In short, that just above describes an idyllic life. Think of it. The church people went off with Conant. Thomas was not puritannical (we'll go on about that). Those who were still in the Cape Ann area respected Thomas. There would have been communications with the Salem people. Back and forth they would have gone.

Remember, the troubles (famine - we're not talking Plymouth or Virginia - the New England early folks under Thomas thrived - what they did not do was return an abundance back to the old country - false expectations, remember?) did not start until after Endicott brought in more people than the resources could handle. But, Thomas and Margaret got their kids through that, too.

And, the Cape Cod folks would have come around now and then. Too, John Tylly would have visited now and then.


The real question is why the lingering puritannical mindset could not see Thomas for what he was?

Good question. Thomas went to the General Court once, 1637. This was after he took the oath (notice the gap - as said, he didn't need it - he did it for his kids' sake). Methinks that he would rather not interface with such. We see this same sort of dynamic now. In fact, Thomas stands out in several discussions about what happened to the American dream.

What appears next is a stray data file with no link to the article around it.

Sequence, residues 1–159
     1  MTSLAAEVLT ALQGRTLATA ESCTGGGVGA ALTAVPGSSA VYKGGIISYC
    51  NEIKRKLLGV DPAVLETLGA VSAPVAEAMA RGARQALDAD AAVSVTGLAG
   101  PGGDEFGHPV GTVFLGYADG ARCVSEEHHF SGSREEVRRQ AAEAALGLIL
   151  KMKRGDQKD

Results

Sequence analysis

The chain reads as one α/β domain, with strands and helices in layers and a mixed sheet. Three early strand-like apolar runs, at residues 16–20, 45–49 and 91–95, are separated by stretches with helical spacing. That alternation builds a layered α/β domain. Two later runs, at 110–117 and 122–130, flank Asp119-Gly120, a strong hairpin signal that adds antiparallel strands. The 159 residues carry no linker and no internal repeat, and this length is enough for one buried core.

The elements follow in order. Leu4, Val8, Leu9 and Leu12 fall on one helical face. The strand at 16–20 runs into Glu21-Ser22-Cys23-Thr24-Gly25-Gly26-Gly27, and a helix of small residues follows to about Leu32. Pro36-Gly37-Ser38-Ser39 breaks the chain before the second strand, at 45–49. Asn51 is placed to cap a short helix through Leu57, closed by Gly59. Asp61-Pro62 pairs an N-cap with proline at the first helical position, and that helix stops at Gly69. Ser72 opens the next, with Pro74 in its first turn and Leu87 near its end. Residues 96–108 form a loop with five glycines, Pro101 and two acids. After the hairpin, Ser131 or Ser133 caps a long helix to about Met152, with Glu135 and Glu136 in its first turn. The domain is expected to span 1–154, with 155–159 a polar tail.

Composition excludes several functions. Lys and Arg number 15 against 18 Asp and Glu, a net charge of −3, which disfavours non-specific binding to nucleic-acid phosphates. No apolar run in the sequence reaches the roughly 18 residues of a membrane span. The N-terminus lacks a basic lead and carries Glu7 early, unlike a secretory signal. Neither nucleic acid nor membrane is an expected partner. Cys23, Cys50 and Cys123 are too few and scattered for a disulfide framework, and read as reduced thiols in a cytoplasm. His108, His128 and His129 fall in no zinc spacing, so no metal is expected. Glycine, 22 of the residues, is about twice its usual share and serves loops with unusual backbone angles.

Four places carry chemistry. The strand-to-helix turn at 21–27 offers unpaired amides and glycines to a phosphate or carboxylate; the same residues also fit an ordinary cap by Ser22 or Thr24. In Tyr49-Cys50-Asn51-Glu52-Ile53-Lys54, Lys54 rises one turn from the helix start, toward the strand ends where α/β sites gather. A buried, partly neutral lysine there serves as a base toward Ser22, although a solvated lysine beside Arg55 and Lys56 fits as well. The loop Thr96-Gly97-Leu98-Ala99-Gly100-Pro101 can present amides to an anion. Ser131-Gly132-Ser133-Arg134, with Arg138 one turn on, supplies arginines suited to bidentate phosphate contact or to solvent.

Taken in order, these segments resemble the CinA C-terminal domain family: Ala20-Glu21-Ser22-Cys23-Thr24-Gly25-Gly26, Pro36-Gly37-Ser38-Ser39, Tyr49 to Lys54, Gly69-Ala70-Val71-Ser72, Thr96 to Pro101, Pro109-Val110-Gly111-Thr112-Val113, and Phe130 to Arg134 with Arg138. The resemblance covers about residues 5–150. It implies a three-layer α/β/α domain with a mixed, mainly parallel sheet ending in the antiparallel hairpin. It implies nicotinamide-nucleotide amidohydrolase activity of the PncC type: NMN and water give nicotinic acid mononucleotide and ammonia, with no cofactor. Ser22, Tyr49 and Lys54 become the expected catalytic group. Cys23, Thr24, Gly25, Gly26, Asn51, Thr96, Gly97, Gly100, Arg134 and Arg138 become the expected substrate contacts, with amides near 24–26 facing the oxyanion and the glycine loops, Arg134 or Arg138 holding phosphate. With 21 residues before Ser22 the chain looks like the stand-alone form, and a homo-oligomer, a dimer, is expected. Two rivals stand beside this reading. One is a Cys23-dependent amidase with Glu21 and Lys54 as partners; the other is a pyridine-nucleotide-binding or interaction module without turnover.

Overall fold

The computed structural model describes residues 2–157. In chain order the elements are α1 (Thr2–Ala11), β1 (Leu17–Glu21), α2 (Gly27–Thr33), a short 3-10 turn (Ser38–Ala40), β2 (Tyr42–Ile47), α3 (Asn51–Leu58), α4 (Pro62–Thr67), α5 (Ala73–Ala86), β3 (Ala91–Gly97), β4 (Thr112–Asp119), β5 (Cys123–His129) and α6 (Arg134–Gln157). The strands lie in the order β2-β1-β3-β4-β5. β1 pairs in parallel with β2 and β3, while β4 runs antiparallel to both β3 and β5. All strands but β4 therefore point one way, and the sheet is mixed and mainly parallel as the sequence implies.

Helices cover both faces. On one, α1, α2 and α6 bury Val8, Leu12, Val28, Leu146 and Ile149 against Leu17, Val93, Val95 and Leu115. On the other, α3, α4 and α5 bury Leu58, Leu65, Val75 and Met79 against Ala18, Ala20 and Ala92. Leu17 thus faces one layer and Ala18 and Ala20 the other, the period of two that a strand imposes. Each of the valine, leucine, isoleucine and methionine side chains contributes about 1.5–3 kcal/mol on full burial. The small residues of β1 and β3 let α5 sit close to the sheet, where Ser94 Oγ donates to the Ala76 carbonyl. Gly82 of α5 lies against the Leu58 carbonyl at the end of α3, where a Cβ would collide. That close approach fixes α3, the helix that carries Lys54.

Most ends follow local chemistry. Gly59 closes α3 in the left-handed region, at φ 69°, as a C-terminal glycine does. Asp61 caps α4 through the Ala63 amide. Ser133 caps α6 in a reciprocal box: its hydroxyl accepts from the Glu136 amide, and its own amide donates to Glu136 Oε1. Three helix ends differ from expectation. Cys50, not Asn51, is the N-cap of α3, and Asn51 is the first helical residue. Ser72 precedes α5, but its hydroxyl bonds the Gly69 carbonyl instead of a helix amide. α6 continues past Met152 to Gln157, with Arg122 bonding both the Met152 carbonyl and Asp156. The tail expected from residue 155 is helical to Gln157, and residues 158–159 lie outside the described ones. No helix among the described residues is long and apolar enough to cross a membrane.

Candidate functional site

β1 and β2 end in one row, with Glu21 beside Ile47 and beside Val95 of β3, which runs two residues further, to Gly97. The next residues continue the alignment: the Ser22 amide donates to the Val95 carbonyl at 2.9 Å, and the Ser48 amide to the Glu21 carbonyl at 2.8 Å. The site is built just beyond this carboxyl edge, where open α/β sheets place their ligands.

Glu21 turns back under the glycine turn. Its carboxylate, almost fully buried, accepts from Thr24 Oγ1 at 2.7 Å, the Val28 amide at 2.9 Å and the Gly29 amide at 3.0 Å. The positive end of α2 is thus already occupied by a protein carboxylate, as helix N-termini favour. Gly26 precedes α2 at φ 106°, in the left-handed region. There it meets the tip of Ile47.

Remarks:  Modified: 09/28/2014

03/18/2014 - Lucy Larcom wrote about the wild roses and strawberries of Cape Ann. Strawberries were plentiful in some areas, however they were cultivated, too, prior to the arrival of the Europeans (Russell's Indian New England before the Mayflower). John Smith included strawberries in the list of plants that were managed by the Indians. That is, wild plants would have been organized into a fashion more easily cared for and harvested. Hybridization that resulted in what we now call strawberries was not accomplished for another century. Anne Bradstreet (see D.B. Kellogg) wrote of the strawberries that they feasted on after the long voyage. She also wrote of the illness brought with the folks as well as the lack of resources (such as food) to support the influx. ... The fact is that not only did Thomas' crew come prepared to "plant" and thrive, they had the wherewithal to accomplish the feat. ... What they were not properly prepared to do: become an exporter of excess product from the get-go (notwithstanding our advantage at looking back from a more enlightened - supposedly - framework, going off unprepared remains the experience of a whole lot of humans). What did Thomas think of all of those new entrants who created more demand than could anyone hope to supply, with what they were capable of then? Higginson, at least, stressed people coming prepared to support themselves for a year.

03/20/2014 -- Perhaps not idyllic, yet successful in most reasonable senses.

03/23/2014 - Cape Ann featured in Beacon Vol. IV, No. 1.

09/28/2014 -- A week ago, the record for the marriage of Thomas Gardner and Margaret Friar was discovered in Sherborne by John Cook of Minneapolis, Dorset files. This sets a type of focus. Looks as if some transcription work might be in order.